There is an old political joke that reflects Americans’ attitude toward politics and politicians: “How can you tell the difference between a horse race and a political race? In a horse race, the entire horse runs.” Stated with a bit more refinement, Americans tend to like their individual members of Congress but disdain the Congress as a whole (one poll put Congress’s approval rating at 14 percent).
So in this election year, you might expect voter apathy to be at an all-time high. Robert Elhert recently wrote about the very low turnout in the last Idaho primary and general elections. Why should the upcoming May primary or the November general election be any different?
Well, if you have paid the slightest attention, you know that this is one of the most interesting elections in memory. An anti-establishment Republican latecomer and a Senate outcast lead the GOP field while an Independent is seriously challenging the establishment Democrat candidate.
Maybe all the negative campaigning has turned you off. But think back to, or Google, Thomas Nast and the political cartoons of the late 1880s. Now that was negative, so we are not really in new territory here.
Perhaps you don’t have a candidate to vote for, and once in the voting booth, your only option is to cast your vote for a candidate you can’t stomach. But someone is going to get the job, folks. Whether it is president, justice of the Idaho Supreme Court or your local Idaho House member, your only outlet for expression is your vote.
Some repeat the predictable refrain that one vote can’t make any difference. Statistically, that is true. Just like it is statistically true that one drop of water can’t cause a flood. And yet we have floods. If your minuscule effect on the outcome is keeping you at home on Election Day, consider the passion with which new voters, whether new American citizens or newly enfranchised Iraqis vote, having never possessed that cherished right before. That thought alone is enough to get me off the couch and into the voting booth.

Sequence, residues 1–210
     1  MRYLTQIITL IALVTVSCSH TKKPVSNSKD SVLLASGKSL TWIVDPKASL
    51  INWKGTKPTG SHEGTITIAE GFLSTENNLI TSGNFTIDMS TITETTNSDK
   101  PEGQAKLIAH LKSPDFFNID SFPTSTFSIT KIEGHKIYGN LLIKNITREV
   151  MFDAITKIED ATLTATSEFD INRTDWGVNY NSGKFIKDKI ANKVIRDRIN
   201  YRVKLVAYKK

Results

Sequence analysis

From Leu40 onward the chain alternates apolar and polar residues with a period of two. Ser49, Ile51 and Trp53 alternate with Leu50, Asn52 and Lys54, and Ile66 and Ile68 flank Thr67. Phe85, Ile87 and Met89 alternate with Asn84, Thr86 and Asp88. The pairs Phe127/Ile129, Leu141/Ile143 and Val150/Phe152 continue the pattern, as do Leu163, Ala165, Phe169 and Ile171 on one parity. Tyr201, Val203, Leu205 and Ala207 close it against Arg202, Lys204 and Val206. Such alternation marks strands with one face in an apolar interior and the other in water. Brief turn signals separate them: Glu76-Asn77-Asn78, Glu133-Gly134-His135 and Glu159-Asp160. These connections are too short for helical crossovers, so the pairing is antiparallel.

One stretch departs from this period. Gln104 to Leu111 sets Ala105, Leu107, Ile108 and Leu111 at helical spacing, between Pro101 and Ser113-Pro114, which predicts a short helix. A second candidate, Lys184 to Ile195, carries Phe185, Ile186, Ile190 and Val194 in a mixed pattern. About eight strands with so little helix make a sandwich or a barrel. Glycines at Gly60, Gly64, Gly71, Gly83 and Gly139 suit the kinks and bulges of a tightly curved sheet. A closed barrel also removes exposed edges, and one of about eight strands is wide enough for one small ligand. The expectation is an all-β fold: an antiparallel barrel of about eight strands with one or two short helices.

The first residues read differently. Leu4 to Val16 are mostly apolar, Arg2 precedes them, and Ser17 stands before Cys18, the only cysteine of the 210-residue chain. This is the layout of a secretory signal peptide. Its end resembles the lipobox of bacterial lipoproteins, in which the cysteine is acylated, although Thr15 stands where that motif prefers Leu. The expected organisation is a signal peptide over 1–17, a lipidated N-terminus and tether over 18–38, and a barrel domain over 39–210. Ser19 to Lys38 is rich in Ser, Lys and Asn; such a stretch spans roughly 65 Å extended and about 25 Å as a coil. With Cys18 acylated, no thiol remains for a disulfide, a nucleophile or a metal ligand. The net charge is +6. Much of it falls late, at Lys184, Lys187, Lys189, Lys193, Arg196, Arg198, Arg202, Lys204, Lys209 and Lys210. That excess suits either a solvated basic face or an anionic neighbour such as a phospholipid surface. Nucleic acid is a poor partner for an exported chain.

Or consider the effect that elected officials have on your daily life. Nearly every edition of the Statesman contains a story about the effect of the Legislature’s decisions on daily life or a state Supreme Court decision affecting fundamental rights of speech, religion, assembly, and on and on. Unless you are an anarchist, you will have to live with those decisions. Even if you are an anarchist, chances are that civilized society is going to impinge on your worldview. In races where only one party fields multiple candidates, the primary election will determine the outcome of the general election. Do you really want 16 percent of the community deciding who that will be?
As Woody Allen famously said, 80 percent of success is just showing up. So when the polls open, show up. If only you and a few others show up to vote, then your single vote could have a significant impact on the outcome. OK, maybe not significant, but it will have an impact. It’s your chance to be a player and not a benchwarmer in the most interesting election in years.
William G. Myers III is a Boise attorney and member of the Statesman Editorial Board.